Goosebumps lives on in a first-person adventure game. If you enjoyed the movies, you’ll be happy to know that Jack Black does a lot of the voice acting. This is the second game to come out for Xbox that revolves around the world of Goosebumps. The first one, Goosebumps the Game, was a point-and-click adventure. However, Goosebumps Dead of Night is essentially following the movie instead of the books. This means you’re in the regular world and the author R.L. Stine (played by Jack Black) is needing your help to stop Slappy. The chaotic dummy wants to release all the monsters from the books as his army to take over the world. Take a deep breath and prepare to meet awesome characters from the beloved book series.

Iconic Franchise — I remember my first time getting a Goosebumps book. At the store, the book section had a variety of scary looking covers. I convinced my mother to buy me two of the books. One of them was Why I’m Afraid of Bees. There was a boy’s head on a bee’s body. This was the beginning of my new addiction to collecting these books. I got almost all of them and, to this day, still own them (though they are in bad condition now). So when the movie came out I was excited. It wasn’t great, but seeing the characters brought back memories that I was fond of. The game did the same thing. Running from the Werewolf of Fever Swamp or trying to capture the lawn gnomes (from Revenge of the Lawn Gnomes), no matter how poorly implemented, was exciting. Now I want to read the books again!

Gameplay Variation — A nice touch in Goosebumps Dead of Night is that it’s almost like playing three mini-adventures. It’s all the same story, but the chapters play out in unique ways. The first one is similar to Emily Wants to Play. There are a variety of “enemies” that you must be careful with. My favorite part was the lawn gnomes. They often would turn off lights which in return would allow a murderous clown to attack you. The next chapter is all about puzzle-solving. Your goal is to make an antidote and you must find the ingredients. I really did enjoy this section, as there were the classic bees from the first book I read. Then finally the last chapter is a bit like the movies. You fight off giant gummy bears and witches while trying to stop Slappy the dummy. It’s just cool how they mixed up each area which kept things interesting.

Here’s what I didn’t like:

Mini Adventure — There are a ton of monsters that could have been utilized in the game, but there is only a handful used. The time to complete the story is a couple of hours. This didn’t feel like a whole adventure and it was a bit disappointing. The price tag does not justify the length. It might have if there was more to it, but it has absolutely no replayability. There is a hint of collectibles in the first chapter but they don’t do anything but move the story along (since it’s a mission). I would have loved to have had to find manuscripts or something. Maybe even a gallery in the start menu that has all the classic book covers. The game’s main feature is the franchise. Without that element, you would have an extremely bare-bones experience.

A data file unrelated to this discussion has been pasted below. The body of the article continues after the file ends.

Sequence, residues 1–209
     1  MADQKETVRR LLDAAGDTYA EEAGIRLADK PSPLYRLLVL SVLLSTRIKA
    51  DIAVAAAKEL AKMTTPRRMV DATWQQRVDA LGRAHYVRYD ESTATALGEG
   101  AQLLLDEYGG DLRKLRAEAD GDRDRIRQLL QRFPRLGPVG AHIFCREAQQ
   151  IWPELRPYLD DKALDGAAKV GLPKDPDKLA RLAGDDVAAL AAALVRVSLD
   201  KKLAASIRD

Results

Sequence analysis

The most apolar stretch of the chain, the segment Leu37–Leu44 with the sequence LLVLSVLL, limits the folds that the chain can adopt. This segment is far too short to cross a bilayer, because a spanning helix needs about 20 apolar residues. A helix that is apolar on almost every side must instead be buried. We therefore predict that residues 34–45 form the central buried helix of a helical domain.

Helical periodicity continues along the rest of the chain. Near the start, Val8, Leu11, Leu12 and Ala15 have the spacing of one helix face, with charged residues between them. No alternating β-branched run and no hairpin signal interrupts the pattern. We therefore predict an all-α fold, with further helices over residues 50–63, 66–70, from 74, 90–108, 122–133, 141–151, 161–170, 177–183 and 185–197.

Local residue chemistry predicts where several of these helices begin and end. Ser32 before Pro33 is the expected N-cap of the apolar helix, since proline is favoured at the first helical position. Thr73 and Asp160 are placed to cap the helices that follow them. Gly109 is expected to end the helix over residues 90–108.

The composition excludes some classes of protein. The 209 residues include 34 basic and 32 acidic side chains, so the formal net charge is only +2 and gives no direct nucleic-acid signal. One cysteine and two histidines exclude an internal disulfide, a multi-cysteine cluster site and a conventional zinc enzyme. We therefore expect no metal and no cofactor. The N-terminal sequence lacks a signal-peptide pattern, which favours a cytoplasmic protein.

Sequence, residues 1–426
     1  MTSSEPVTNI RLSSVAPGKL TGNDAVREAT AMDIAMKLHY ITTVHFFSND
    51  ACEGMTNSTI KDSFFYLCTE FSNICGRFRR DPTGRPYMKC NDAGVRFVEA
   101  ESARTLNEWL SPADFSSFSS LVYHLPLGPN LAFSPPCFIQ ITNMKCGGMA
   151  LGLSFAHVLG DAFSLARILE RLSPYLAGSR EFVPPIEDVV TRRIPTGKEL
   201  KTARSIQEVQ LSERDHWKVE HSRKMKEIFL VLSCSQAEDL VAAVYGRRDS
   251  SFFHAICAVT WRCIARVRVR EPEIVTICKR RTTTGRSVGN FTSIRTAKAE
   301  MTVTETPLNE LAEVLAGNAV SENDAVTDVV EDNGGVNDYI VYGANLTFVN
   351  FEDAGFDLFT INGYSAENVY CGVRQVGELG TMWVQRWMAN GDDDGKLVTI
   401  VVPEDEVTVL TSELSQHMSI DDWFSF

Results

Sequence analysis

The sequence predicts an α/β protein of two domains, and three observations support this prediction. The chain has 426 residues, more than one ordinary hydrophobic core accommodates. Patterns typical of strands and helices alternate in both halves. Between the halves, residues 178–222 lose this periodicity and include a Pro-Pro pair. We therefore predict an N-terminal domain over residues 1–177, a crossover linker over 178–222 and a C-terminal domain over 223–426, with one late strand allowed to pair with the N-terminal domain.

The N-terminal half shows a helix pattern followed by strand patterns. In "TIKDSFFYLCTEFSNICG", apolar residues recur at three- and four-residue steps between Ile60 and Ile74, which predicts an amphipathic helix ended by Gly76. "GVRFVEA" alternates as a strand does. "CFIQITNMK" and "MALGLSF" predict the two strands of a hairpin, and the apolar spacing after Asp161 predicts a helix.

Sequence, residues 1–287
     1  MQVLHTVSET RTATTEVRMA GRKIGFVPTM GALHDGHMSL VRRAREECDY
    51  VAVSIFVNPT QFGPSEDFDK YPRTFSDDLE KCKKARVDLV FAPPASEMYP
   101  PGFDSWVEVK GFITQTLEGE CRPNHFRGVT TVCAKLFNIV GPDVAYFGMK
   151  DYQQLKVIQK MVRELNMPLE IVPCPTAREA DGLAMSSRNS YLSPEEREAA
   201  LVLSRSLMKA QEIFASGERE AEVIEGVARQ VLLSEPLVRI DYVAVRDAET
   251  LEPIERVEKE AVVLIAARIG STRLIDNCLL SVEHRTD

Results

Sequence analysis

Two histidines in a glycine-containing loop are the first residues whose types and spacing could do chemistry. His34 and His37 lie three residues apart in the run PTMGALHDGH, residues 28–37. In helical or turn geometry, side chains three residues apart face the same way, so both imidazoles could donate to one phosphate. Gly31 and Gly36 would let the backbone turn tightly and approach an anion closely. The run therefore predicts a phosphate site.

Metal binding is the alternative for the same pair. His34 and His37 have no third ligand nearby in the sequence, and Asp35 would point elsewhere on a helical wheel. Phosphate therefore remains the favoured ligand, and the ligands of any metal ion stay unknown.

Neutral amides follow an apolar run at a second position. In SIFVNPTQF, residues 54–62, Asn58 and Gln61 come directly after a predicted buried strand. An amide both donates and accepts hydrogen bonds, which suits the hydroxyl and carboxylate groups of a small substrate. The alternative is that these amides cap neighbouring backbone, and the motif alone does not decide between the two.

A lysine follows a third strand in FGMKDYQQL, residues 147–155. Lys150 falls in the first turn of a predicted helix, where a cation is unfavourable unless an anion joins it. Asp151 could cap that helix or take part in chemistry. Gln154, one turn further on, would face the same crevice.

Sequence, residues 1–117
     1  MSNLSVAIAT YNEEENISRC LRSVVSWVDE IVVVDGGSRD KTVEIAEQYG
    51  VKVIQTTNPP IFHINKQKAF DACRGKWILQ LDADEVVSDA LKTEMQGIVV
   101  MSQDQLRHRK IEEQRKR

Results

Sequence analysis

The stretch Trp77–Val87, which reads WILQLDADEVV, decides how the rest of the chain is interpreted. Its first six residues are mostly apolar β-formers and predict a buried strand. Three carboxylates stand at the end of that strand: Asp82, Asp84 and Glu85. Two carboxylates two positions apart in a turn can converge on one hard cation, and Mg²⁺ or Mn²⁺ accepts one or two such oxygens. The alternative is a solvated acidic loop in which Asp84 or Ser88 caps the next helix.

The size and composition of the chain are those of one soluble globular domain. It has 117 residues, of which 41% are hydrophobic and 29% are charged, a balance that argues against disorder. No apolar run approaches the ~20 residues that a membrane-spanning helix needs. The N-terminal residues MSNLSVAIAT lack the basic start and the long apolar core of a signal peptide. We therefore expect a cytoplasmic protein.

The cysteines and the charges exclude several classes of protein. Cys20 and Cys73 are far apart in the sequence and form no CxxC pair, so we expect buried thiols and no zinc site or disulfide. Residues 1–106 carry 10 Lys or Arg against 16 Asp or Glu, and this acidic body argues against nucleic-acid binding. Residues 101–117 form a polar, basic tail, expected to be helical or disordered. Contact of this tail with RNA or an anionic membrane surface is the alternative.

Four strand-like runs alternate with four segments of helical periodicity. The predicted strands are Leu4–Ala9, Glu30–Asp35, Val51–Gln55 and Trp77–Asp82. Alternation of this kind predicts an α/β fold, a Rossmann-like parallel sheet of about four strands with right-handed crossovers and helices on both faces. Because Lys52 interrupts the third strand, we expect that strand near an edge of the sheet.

Minimal Fun — Take away the Goosebumps skin and you won’t have much of a game. While there are some decent attributes within the few chapters, the result is only mild entertainment. Because of achievements, I found myself dying in every way possible to unlock them. This showed me that there really is a poor checkpoint system. I’m not sure if that was to extend gameplay time or if it was to make it more difficult, but sometimes you really get set back. You have a good time at first, but it starts to really wear off as you continue through the story. The last chapter is downright muddy feeling. Like you’re slow and the puzzles are not complex, but a bit annoying to do. The worst part for me was a collapsing walkway. Witches will try to attack you as the ground shakes. It was really poorly executed. Overall, I had an okay time playing through the game but it was nothing that really brings any authentic excitement.


I didn’t hate my adventures in the world of Goosebumps. I was delighted to dive in and get a glimpse of the world from a first-person perspective. The biggest issue is that this experience is just way too short, especially for the amount it costs to have it. You can get many of the books at this cost! If you haven’t read any of them, then I would highly advise against buying this game. If you have, then I would just give you a little warning. The gameplay is mediocre and the story is a lesser version of the movies. The only real delight you’ll get from it is the fact that it has characters from the Goosebumps universe. I dream for the day we can see a larger universe to explore with many more references to the books, besides just the handful they keep reusing.

Score: Limited Appeal

Goosebumps Dead of Night was published by and developed by Cosmic Forces on Xbox One. It was released on June 12, 2020, for $39.99. A copy was provided for review purposes.